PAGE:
§ 10. Mr. Latham
asked the Secretary of State for Northern Ireland whether he will make a statement on the operation to date of the Anglo-Irish agreement.
§ 11. Mr. Winnick
asked the Secretary of State for Northern Ireland if he will make a statement on meetings with the Government of the Irish Republic which have occurred arising from the Anglo-Irish agreement.
§ 18. Mr. Nicholas Baker
asked the Secretary of State for Northern Ireland if he will make a statement about progress in implementing the provisions of the Anglo-Irish agreement.
§ Mr. Tom King
Since the Anglo-Irish agreement came into force on 29 November, the Intergovernmental Conference has met four times and there has been one meeting of the legal sub-group. A joint statement was issued after each meeting, which gives an account of the issues discussed. I have placed these in the Library.
§ Mr. Latham
I thank my right hon. Friend for that reply. I wish that there was more than one Ulster Unionist here to listen to it. Is my right hon. Friend aware that since we live in 1986, not 1689, many of us hope that more could be done by the Churches to promote intercommunal reconciliation, which is implicit in the Anglo-Irish agreement?
§ Mr. King
I endorse to the full my hon. Friend's opening comments. It is a tragedy that Unionist Members of the House of Commons are not present to play their part, with the exception, to which I pay tribute, of the right hon. Member for South Down (Mr. Powell). I certainly do look to closer co-operation between the Churches. Undoubtedly many Church leaders play an outstanding role in that respect. I should like to encourage that process even further.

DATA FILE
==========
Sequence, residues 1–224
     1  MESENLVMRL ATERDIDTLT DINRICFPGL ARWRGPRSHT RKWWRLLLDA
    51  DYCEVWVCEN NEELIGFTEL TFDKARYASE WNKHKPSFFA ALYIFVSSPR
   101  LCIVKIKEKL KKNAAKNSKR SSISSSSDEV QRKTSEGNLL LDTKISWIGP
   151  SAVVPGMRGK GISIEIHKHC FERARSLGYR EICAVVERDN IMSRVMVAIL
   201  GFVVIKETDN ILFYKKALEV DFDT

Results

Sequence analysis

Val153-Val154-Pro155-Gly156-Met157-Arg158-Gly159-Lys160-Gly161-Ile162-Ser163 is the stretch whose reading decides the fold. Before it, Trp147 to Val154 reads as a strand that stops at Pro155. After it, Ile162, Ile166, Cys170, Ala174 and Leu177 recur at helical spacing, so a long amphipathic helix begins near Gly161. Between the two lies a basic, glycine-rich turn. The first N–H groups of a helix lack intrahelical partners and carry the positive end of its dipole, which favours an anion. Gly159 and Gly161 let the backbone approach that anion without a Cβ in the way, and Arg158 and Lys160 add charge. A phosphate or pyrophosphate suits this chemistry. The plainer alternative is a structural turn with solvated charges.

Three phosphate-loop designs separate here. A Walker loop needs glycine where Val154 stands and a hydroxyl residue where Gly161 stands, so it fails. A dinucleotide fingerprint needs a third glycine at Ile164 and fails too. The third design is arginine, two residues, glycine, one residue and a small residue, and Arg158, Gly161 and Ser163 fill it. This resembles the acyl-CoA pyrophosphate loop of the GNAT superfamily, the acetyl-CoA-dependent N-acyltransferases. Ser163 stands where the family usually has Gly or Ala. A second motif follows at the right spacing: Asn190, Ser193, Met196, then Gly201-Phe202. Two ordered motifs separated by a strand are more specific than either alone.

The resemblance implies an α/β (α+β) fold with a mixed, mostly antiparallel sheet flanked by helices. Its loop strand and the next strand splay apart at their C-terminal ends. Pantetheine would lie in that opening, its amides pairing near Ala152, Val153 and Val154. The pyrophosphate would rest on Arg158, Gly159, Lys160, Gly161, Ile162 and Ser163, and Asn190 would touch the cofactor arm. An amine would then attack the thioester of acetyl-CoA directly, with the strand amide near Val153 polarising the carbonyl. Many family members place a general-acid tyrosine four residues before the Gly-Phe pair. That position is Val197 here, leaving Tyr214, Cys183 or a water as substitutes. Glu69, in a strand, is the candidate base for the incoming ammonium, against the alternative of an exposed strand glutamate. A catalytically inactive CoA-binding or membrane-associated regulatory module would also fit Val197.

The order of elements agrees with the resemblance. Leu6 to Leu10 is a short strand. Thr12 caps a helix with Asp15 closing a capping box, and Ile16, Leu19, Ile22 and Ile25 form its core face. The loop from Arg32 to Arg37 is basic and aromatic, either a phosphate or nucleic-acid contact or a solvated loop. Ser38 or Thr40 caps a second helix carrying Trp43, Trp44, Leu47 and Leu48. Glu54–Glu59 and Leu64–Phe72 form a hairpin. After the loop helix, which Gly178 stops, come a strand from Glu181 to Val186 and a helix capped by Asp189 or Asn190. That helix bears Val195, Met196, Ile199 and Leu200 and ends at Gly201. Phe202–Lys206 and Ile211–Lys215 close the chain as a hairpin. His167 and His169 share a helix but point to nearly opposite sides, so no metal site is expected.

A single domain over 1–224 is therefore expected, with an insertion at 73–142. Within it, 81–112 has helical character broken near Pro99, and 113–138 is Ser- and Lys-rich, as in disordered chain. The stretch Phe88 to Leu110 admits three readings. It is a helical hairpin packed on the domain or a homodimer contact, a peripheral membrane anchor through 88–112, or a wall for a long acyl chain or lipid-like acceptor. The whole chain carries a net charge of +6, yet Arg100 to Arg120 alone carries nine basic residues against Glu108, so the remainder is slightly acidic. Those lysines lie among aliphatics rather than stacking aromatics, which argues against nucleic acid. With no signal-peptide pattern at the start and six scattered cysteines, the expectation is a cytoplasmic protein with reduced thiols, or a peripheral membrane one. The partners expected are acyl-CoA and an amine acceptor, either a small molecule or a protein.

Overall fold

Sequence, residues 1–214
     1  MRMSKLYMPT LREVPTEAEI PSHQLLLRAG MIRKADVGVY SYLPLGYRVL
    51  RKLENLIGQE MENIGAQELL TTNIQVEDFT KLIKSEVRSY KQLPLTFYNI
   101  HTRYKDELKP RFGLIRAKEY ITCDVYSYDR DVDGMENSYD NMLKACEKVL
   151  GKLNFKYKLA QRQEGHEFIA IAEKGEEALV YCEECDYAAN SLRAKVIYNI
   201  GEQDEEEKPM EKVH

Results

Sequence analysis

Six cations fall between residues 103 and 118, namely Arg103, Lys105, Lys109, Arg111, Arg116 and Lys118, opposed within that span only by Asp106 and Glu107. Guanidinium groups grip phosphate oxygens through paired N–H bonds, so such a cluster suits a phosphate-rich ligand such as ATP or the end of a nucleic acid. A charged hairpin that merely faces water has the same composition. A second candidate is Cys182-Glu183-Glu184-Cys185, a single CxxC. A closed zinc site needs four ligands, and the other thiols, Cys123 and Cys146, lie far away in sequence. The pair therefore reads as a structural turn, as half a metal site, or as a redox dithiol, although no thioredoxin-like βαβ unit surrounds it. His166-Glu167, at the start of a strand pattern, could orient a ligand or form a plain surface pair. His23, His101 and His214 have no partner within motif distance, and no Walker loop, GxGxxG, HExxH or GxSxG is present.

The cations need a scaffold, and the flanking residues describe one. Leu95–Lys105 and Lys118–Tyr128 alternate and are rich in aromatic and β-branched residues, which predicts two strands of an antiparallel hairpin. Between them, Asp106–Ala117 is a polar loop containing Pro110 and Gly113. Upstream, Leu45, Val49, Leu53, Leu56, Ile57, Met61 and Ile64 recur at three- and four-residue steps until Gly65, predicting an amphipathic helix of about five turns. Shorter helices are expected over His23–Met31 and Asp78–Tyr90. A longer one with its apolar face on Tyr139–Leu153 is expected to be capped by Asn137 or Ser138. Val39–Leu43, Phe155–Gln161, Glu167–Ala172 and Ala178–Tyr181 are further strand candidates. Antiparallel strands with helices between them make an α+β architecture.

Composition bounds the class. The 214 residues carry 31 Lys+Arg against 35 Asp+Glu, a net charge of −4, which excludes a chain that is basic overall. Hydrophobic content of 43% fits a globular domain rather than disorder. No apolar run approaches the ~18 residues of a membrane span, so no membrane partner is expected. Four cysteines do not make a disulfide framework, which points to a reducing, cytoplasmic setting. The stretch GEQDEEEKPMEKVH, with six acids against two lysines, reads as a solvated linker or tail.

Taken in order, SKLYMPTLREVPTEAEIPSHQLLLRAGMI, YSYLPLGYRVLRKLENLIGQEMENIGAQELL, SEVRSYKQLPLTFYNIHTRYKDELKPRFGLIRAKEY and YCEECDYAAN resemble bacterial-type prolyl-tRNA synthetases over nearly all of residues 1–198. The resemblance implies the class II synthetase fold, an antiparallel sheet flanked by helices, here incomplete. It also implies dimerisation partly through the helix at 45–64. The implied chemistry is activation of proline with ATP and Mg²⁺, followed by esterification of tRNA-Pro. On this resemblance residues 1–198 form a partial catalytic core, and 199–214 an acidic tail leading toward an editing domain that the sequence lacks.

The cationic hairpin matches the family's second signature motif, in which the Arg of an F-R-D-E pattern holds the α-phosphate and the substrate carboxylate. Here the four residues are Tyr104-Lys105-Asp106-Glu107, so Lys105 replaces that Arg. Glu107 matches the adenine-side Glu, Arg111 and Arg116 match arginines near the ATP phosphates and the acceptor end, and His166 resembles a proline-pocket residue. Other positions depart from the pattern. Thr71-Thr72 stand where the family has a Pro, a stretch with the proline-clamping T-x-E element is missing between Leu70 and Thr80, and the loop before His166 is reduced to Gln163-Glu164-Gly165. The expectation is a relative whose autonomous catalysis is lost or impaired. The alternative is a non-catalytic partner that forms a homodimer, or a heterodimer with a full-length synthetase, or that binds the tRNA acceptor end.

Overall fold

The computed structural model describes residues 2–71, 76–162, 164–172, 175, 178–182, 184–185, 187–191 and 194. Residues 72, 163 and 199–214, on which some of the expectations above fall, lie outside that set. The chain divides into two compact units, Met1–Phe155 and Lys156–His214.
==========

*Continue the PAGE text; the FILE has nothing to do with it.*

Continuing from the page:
§ Mr. Winnick
Is it not important for the Secretary of State and the Prime Minister to make it absolutely clear that, no matter what sort of intimidation there is in the Province, and what action is taken by the bully boys and the rest, the Anglo-Irish agreement will stand? If that is made clear, perhaps the time will come when the Unionist Members of Parliament will return to their seats here.
§ Mr. Nicholas Baker
Is my right hon Friend aware that many of us who are strong supporters of the Union are also believers in the Anglo-Irish agreement? Does he agree that one of the prospects, if the agreement were to fail, would be an internationalisation of the Northern Ireland problem, which, with the greater interest of perhaps the United States in an adverse way, and the United Nations, would spell disaster for Northern Ireland?
§ Mr. King
If the agreement were to fail because of intimidation and the sort of violence and obstruction that we have seen in certain quarters, that would be extremely damaging to the Union and would be catastrophic for the image and prospects of Northern Ireland overseas. We face many difficult problems. My hon. Friend the Minister of State referred to the difficult economic news coming out of Northern Ireland today. In that situation, we need maximum co-operation among all the people there. I believe that the Anglo-Irish agreement can contribute to that, if only Unionists are prepared to give it a chance.
§ Mr. Mallon